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Israeli court bans controversial film ‘Jenin, Jenin’

Israeli court bans controversial film ‘Jenin, Jenin’

dpa
Tel Aviv
An Israeli court has banned a controversial film documenting a fierce battle between Israeli soldiers and Palestinian gunmen in the West Bank City of Jenin in 2002, finding that the Arab-Israeli director distorted events while presenting them as fact.
The Lod district court made its decision on Monday, concluding a libel lawsuit filed against director Mohammed Bakri by Israeli reservist Nissim Magnaji, whose participation in Israel’s Operation Defensive Shield is portrayed in the film.
The court found that some of the representations in “Jenin, Jenin”, including of Magnaji looting money from an elderly person, are untrue.
“On the other side, the plaintiff, a private person who was called up by the State of Israel for military service during Operation Defensive Shield, finds himself presented in the body of the same film, as someone who looted all the money of another person - an elderly and helpless man - as part of the presentation of an alternative reality of the defendant’s creation,” the judge said.
The court prohibited any screenings of the film in Israel and issued an order to confiscate the 24 copies of the film. There is no ban on the film on YouTube.
The court ordered Bakri to pay Magnaji 175,000 shekels (55,000 dollars) in compensation as well as 50,000 shekels of court expenses.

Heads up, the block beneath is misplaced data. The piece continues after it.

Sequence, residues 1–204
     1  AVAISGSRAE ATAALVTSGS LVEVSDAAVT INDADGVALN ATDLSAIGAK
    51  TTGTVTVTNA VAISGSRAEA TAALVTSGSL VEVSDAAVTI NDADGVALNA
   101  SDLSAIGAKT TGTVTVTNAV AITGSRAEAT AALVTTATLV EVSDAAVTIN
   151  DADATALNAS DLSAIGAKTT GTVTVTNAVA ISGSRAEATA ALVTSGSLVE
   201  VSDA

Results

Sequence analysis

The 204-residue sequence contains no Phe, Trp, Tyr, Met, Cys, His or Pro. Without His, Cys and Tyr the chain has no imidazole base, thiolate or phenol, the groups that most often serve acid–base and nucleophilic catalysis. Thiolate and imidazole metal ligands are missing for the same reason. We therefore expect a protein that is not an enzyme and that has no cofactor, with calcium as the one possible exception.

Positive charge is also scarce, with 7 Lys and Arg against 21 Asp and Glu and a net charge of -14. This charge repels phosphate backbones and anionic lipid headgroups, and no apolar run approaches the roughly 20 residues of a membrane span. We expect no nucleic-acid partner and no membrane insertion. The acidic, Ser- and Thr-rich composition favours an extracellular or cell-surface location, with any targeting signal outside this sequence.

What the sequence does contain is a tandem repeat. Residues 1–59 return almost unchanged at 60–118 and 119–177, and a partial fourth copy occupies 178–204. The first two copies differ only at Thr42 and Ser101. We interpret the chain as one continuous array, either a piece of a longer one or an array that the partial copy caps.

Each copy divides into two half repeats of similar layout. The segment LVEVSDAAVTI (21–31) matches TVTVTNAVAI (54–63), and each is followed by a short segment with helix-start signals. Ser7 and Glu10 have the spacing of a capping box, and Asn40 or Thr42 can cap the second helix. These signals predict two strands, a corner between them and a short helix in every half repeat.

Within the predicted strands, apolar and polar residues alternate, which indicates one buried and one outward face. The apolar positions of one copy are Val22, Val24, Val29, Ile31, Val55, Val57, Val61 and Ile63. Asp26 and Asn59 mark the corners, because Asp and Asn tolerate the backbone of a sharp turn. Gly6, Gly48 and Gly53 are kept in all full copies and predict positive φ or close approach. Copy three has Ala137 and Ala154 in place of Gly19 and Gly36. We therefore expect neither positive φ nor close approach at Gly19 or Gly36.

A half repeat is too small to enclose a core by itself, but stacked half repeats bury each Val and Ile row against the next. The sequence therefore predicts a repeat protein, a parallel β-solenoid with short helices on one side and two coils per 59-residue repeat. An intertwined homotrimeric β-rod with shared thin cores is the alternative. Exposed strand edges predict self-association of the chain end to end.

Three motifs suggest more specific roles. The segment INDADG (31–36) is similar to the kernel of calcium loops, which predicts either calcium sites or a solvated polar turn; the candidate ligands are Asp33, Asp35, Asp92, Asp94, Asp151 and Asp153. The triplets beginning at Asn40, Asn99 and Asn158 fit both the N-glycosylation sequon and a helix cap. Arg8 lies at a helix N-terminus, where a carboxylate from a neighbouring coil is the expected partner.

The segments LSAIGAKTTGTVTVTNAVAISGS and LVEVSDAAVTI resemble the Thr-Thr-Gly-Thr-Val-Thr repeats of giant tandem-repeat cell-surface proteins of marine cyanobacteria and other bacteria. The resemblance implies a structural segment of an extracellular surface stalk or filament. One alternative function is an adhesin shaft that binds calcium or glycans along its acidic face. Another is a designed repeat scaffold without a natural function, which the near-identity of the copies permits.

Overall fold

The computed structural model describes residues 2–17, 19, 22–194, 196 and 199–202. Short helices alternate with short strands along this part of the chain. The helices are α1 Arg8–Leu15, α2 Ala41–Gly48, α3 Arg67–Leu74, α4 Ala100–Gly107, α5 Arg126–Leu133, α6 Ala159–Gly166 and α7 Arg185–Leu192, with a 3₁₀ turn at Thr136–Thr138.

Bakri told Israeli media he will appeal the decision at the Supreme Court.
“I intend to appeal the verdict because it is unfair, it is neutering my truth,” Bakri told the Walla News website.
“I gave a stage to people to tell what they felt during [Operation] Defensive Shield,” he added. He denied that he had lied or distorted the truth yet acknowledged that he had not verified the testimonies that he had shared.
Defence minister and former army chief-of-staff Benny Gantz tweeted on Tuesday: “I have supported the struggle of the soldiers who were deployed in Operation Defensive Shield to bring the truth about the ‘Jenin, Jenin’ film to light, and I applaud the closure that the court’s ruling has brought.” Palestinians claimed Israeli soldiers had carried out a massacre in Jenin, killing 500 people.
A United Nations investigation in 2002 revealed that 52 Palestinians, up to half of them civilians, and 23 Israel soldiers died in the heavy fighting in the city.
The report rejected allegations of an Israeli massacre in the camp as “unsubstantiated,” but accused Israel of severe human rights violations, including unlawful killings, disproportionate use of force, arbitrary arrests and denying access to medical treatment.
“Jenin, Jenin” was publicly screened three times in Israel in 2002, causing a furore among relatives of the Israeli soldiers killed in the city, before being banned by the censor. Israel’s High Court overturned the ban in 2003.
Opponents slammed the documentary as “Palestinian Authority propaganda” which contained uncountered claims and “utter lies” by interviewees who say they were subjected to brutal behaviour by Israeli soldiers during the April 3 - 18 offensive in Jenin.
Bakri said the film expressed the feelings and pain of Palestinians and was an attempt to show Israelis their side of the conflict.

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